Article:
You wouldn’t remember this, but once upon a time banks used to give you a toaster when you opened a new bank account. Why a toaster? Well, why not? What else would you give? It was an era with a lot fewer gadgets.
As evidenced by this Montgomery Ward page from 1951, toasters were once kind of a big deal. After light bulbs, they were one of the early things electricity was universally good for (the first toaster was marketed in 1893).
The prices on this page look unremarkable – until you account for inflation since 1951. Then you discover that $23 Toastmaster model (Item F on the page) was selling for for over $220 dollars in today’s money. Good grief! I can go into Walmart today and buy a toaster for less than $22. Toaster values have fallen ten-fold since the 1950s. Although the modern pop-up toaster has roots dating back 100 years, there was a certain degree of clever gadgetry involved. Evidently technology costs have dropped in the most unexpected places. (Notice there are also two cheap toasters – simplistic models that toasted only one side of the bread at a time and depended on you to flip the bread manually.)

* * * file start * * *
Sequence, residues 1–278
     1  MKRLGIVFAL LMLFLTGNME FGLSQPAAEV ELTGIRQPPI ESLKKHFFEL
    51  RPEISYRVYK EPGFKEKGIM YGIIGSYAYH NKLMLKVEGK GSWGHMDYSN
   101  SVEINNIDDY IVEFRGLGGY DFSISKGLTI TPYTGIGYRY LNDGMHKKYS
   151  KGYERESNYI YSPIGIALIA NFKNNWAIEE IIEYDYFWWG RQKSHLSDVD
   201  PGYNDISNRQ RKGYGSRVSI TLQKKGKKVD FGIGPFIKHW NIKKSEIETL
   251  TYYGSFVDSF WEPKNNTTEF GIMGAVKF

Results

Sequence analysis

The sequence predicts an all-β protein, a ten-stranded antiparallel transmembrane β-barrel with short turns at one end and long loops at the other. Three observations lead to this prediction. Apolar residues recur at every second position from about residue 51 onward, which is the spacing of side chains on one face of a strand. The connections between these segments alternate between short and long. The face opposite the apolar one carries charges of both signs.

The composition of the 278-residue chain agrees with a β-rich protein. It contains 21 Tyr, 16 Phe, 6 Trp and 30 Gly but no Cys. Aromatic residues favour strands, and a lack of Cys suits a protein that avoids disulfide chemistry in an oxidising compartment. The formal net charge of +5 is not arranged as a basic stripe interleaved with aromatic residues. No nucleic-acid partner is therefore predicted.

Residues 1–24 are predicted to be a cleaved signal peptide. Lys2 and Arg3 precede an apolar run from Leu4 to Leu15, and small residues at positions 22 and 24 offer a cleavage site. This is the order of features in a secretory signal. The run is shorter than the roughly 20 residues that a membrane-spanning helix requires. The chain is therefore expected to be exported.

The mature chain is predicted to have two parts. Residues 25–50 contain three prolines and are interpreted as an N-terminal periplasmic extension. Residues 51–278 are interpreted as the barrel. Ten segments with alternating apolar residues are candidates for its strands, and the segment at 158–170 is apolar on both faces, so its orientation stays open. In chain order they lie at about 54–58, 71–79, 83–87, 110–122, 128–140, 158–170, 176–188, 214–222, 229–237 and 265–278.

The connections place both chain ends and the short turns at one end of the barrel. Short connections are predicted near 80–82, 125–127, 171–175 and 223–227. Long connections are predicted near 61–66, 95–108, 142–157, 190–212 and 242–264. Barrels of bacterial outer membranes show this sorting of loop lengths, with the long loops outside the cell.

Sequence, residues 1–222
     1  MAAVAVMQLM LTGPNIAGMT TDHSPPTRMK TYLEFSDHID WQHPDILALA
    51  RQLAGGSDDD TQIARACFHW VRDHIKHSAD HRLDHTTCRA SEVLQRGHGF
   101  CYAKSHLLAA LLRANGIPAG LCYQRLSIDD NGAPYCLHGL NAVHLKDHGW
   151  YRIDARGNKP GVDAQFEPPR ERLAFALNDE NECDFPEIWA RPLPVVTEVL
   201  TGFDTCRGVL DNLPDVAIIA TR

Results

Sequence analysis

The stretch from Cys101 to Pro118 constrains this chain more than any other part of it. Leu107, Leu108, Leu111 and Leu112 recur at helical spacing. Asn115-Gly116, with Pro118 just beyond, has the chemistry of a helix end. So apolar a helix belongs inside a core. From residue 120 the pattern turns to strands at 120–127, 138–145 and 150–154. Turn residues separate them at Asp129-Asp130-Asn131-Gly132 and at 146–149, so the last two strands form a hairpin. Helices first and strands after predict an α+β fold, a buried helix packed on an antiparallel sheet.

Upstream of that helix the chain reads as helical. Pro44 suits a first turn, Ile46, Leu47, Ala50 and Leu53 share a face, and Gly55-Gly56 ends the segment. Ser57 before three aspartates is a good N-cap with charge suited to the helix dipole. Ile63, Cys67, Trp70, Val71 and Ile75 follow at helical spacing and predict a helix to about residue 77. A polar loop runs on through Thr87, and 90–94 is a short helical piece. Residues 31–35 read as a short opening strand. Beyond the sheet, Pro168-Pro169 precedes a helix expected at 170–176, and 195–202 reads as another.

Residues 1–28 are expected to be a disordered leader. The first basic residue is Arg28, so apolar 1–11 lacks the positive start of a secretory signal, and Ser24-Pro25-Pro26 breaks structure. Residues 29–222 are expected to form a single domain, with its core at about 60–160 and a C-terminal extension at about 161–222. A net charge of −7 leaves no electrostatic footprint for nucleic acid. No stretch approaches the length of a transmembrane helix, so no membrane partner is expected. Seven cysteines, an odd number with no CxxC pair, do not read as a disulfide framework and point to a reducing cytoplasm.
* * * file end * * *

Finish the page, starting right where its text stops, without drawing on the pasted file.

So maybe in 1951 pop-up toasters were terribly valuable devices. Perhaps banks once had vaults in which they hoarded toasters, bringing them out only for new customers in hopes of cementing a lifetime relationship. I do know that my parents had that exact Toastmaster model pictured – whether it was a bank gift, a wedding present, or a spending spree on my father’s part I haven idea. But I will say lasted forever – longer than their relationship with any bank.
By the way, Williams Sonoma will sell you a really expensive ($1000) toaster if you want one. Is it the greatest thing since sliced bread? I suspect that $22 Walmart can burn Wonder bread with the best of them.